Containing 11 botanicals, including coriander seed, liquorice and sweet orange peel, it doesn’t fit the requirements of more than half juniper. This was an important part of the tasting for me. I discovered that I really prefer non-London Dry gin!
This also gave us the chance to try a different tonic water. This time Fevertree Mediterranean Tonic was the mixer of choice, which sparked a discussion about the origins of gin’s famous partner. Tonic comes from quinine, and was originally added to mask the bitter taste of the spirit. Although as you may know, tonic isn’t exactly known for its sweetness, and the original tonic had a much higher proportion of quinine in – which only goes to prove how disgusting old fashioned gin must have been!
The Perfect Serve
Our third gin was another London Dry. Langley’s No.8 is another secret recipe gin, although we know the 8 means eight ingredients, and since it’s a London Dry it’s over half juniper. Honestly Langley’s was so strongly junipery that I could hardly drink it, even with tonic!
The Botanist staff commented that drinking gins where they don’t tell you the ingredients can be a nice change for gin connoisseurs. Unlike wine, where flavours come from the way the grape itself develops, gin’s botanicals are actually added during development. So there’s not a ton up for discussion when tasting gins, unless you don’t know exactly what’s included!
We also got a quick taste of the “Perfect Serve” for Langley’s No.8. Gin and tonic may seem to be the simplest drink in the world. But looks can be deceptive! Each gin actually has a “Perfect Serve”: the exact ratio of spirit to mixer, the exact tonic to be used, the perfect garnishes for flavour and appearance.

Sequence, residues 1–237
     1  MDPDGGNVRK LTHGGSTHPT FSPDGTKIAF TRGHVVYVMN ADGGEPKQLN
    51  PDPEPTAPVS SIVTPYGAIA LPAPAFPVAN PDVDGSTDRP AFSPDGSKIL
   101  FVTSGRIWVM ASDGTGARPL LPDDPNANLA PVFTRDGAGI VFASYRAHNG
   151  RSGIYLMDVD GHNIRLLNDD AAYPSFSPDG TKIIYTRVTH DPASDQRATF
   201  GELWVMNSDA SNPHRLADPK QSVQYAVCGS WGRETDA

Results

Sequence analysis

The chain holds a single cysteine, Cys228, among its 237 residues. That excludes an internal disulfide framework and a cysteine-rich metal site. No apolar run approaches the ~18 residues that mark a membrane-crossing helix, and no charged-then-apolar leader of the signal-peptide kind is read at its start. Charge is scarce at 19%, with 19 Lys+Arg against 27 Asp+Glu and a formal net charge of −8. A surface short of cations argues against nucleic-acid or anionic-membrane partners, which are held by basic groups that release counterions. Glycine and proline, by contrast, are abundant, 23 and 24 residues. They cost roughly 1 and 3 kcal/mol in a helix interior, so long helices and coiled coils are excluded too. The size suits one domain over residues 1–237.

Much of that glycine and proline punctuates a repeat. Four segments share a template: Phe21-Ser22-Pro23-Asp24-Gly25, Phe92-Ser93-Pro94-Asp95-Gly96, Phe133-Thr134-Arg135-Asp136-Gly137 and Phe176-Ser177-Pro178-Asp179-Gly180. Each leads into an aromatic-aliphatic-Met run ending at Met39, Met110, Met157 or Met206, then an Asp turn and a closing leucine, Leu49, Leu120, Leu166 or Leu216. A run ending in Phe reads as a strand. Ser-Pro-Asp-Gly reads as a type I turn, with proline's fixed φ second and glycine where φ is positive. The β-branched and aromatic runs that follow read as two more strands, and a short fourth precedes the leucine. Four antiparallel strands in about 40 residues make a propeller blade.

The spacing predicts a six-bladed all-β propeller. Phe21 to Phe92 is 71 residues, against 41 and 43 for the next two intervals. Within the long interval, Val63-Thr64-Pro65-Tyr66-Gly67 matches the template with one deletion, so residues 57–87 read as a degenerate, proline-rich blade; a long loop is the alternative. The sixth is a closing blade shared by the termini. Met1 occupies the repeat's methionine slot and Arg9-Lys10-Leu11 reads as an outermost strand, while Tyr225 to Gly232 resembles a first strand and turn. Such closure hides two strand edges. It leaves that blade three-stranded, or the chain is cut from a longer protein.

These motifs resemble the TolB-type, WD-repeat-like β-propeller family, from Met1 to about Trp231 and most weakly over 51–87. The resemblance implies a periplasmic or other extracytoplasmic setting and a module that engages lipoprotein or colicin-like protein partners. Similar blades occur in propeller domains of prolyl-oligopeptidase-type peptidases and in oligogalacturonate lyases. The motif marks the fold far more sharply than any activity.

For Langley’s, grapefruit and basil were the garnishes. But you’ll have to go down to the Botanist to taste it in all its glory!
Food Glorious Food
Oh, the food. If I’d turned up expecting gin and had just been served the food, I don’t think I would have been upset! I hadn’t eaten at Botanist before, but both Tim and I commented that the Botanist has now shot straight to the top of our to-eat list!
To share between the group, we were served two different deli boards containing various different hams and cheeses. We also got various different pots of starters: warm chorizo, green olives, crispy calamari, chipolatas with a mustard dip, pork crackling, blooming onion…
It was hard to pick a favourite. The chorizo was delicious (they let us have an extra portion of that), as were the chipolatas. I also loved the creamy brie and blue cheese.
A Touch of Fruit
Our fourth gin was one not originally on the menu. But during conversation, fellow blogger Lauren Jane mentioned that her favourite G&T was Brockmans and Ginger Ale (not tonic at all!). Bartender Katie pounced on the idea immediately.
Unlike most fruity gins on the market, Brockmans is completely natural. It was the only gin of the night that I preferred sans tonic, because the blueberry and blackberry notes came through perfectly. Many others described it as a sipping gin you could enjoy neat. And later on we got to try it in a martini. It’s absolutely a tipple I could imagine sipping on a hot summer’s day.
This was the part of the evening that really stood out for me. This gin wasn’t part of the original masterclass. This was absolutely just the bar staff showing off their incredible knowledge and passion for their products.
Rounding It Off
Our last gin of the evening was Gin Mare. Natch, there was extensive debate over the pronunciation (Gin Mair? Gin Marr-ay? Gin Marr?). Rather than tasting it neat, we were each given a “Perfect Serve”.
Again I’m unsure on the tonic, but the garnishes were rosemary and olive, and the herby waft of scent up your nose set off the savoury gin perfectly. It’s not a gin I would have expected to like, but the Perfect Serve was pretty stunning, and it was my second favourite gin of the evening.
For someone who wasn’t sure if she even liked gin a few months ago, I absolutely enjoyed my evening.
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I was invited to the Masterclass free of charge, but all opinions on gin are my own. Here’s my full disclaimer.